Day Two! Let’s take a closer look at Jill Williamson’s By Darkness Hid.
But first, let’s satisfy the lawyers.
>>This review is based upon an electronic copy of the book provided to me free of charge by the publisher, a courtesy I appreciate, but which does not guarantee my recommendation. I strive to evaluate every book I review purely on its intrinsic merits.<<
I feel more law-abiding already. Onward!
Character Counts: By Darkness Hid isn’t so much about an exotic new world, or courtly intrigue, or pulse-pounding adventure, or even a deep, underlying spiritual message, though all of those elements are present. It’s a character-driven story. It’s about Achan and Vrell and what happens to them. That’s a good thing. It was Ms.Williamson’s characters that kept me turning pages. I liked them immediately, I was quickly drawn into their trials and tribulations, and I cared what happened to them. They had strong personalities and admirable qualities: courage, kindness, loyalty, optimism, patience, honesty, and determination. They also had their share of faults and quirks, which kept them down-to-earth and believable. Achan and Vrell and their friends weren’t perfect, but they were people of, well, character.
What Doesn’t Kill You Makes You Stronger: There’s a lot of violence in this story, and Williamson doesn’t candy-coat it. Er’Rets is a harsh, dangerous place to live, and qualities like kindness and mercy are hard to find–and not generally admired. It’s a symptom of what’s gone wrong there, but the healing of that brokenness will be a long time coming. In the meantime, Achan and Vrell have to endure some pretty horrific experiences. Achan is brutally beaten throughout his childhood and subject to the continual abuse heaped upon the friendless Strays. Vrell is a child of the nobility, but it doesn’t protect her from the unwanted advances of a cruel prince, and she must flee or she’ll be forced into marriage. In her disguise as a Stray boy, she gets a taste of the same abuse Achan experiences. Both of them meet these challenges with courage and grace, but at times, it felt like watching one of the Rocky movies, particularly with Achan, wondering how many more shots he could take before going down for the count.
If you share this book with a young person, there’s a good opportunity here to launch a discussion about the mystery of suffering. Why do bad things happen to good people? The God-figure in this story, Arman, seems to be watching over both Achan and Vrell, but why does He allow such horrible things to befall them?
Nature vs. Nurture: Given Achan’s terrible upbringing, it was a bit of a puzzlement how well he turned out. Kept ignorant, hungry, and hopeless, beaten and beaten-down at every turn, he was still kind, unselfish, well-spoken, and almost inhumanly persevering. There’s a strong implied argument for the power of “good genes” in this story, but there’s also credit given to divine mercy and protection. Kids with nightmarish childhoods can and often do survive and prosper, praise God, but in this story, I would have expected Achan to have internal scars as bad as those on the outside. Of course, we may see more of this later as the series continues.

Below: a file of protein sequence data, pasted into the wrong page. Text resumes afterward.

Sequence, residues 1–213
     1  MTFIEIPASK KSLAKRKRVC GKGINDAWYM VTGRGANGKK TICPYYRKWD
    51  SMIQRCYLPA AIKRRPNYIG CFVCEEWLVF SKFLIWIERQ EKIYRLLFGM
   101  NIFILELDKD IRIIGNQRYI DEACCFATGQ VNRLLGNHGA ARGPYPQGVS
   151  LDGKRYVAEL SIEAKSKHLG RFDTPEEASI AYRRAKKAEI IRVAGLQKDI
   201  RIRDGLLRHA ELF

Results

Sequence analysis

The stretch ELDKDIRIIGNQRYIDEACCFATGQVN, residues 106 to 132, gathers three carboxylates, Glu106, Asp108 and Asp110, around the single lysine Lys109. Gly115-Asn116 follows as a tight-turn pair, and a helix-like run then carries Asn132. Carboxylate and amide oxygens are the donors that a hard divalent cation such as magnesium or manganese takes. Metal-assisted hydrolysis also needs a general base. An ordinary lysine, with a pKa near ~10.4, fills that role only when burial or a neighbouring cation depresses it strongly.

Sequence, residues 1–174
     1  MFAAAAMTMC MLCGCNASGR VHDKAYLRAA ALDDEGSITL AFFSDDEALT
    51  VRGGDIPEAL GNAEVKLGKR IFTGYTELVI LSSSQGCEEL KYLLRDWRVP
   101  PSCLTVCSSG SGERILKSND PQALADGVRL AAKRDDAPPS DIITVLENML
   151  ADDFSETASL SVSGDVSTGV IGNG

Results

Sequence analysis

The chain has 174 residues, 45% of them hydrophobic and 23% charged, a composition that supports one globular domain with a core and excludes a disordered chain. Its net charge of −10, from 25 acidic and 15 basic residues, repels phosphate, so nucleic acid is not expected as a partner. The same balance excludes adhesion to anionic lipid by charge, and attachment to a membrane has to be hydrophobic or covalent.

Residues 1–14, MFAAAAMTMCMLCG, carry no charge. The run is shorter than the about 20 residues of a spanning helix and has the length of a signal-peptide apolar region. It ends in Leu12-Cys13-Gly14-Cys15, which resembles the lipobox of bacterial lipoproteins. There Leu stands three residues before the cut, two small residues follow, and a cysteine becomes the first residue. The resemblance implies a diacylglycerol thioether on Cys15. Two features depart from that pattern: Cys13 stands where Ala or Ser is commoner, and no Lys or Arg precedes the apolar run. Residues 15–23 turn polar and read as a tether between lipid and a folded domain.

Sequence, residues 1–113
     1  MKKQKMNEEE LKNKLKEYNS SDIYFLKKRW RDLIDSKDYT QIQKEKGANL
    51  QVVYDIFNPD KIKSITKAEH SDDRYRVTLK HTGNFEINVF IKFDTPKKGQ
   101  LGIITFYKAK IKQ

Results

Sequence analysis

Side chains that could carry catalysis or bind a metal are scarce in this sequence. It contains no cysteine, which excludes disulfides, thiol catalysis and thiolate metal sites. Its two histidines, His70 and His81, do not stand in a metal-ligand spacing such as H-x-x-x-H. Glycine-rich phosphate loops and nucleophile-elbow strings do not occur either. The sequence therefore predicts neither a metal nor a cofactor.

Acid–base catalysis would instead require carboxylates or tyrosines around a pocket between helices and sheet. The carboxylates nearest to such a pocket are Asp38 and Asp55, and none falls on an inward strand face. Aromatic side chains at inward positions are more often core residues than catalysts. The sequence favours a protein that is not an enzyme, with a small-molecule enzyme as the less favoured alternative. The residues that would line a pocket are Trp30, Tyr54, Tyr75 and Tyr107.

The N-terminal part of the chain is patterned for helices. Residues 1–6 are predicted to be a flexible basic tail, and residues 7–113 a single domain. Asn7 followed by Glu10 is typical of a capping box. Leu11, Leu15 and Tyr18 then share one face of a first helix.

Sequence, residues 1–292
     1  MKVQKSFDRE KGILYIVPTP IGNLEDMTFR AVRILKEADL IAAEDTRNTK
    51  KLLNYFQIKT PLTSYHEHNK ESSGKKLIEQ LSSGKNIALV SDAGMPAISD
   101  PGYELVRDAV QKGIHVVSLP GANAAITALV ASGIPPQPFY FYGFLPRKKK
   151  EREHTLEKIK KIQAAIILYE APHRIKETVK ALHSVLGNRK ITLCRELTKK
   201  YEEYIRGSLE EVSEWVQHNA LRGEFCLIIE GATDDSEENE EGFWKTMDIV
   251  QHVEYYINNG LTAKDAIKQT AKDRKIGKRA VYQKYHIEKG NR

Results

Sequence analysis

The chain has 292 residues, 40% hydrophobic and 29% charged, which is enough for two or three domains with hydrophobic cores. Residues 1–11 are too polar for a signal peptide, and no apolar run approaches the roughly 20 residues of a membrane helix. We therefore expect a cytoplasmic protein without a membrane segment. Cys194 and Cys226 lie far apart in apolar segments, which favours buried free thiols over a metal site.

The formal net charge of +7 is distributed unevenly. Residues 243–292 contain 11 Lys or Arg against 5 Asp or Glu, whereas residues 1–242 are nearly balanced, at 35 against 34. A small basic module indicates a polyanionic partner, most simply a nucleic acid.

Lady Looks Like a Dude: Vrell is the latest entry in a long line of literary heroines who find it necessary to disguise themselves as male. It could have descended into tired cliche’, but what I liked about how Ms. Williamson handled this plot element is that she didn’t make it too easy on Vrell. The disguise wasn’t perfect, it was uncomfortable, and Vrell was painfully aware of her own shortcomings as an actress. Her change was one of both apparent gender and social status, and instincts feminine and patrician continually threatened to reveal her true identity. Compounding the challenge was the fact that she lived in a society where many people could potentially read her mind, including her enemies. Vrell’s masquerade opened her eyes to her own prejudices and truly allowed her to see the world from a new perspective. This story was as much Vrell’s coming-of-age as Achan’s, and I found both their journeys equally compelling.
Powers and Abilities Far Beyond Those of Mortal Men? Not So Much: I thought Ms. Williamson did a good job handling the central conceit of the story, the telepathy-like “bloodvoicing.” She didn’t make it an invincible trump card–it had problems, limitations, and flaws, and though it was tied to the royal bloodline, its manifestation wasn’t limited to the elite of Er’Rets society. Best of all, it was a critical element within the story without becoming the story itself. Achan and Vrell needed a lot more than bloodvoicing to overcome the obstacles in their lives, and more mundane powers like integrity, courage, friendship, self-sacrifice, and determination were key to their success.
By Darkness Hid is an absorbing tale of adventure, heroism, and intrigue. I think anyone from younger teens on up who enjoys fantasy in a medieval setting will like this story very much.
Tomorrow, I’ll take a stroll around the Tour and see what other folks are saying about By Darkness Hid, but you don’t have to wait up for me…take a look for yourself!
CSFF Blog Tour
D. G. D. Davidson
Rebecca LuElla Miller
New Authors Fellowship
John W. Otte
Rachel Starr Thomson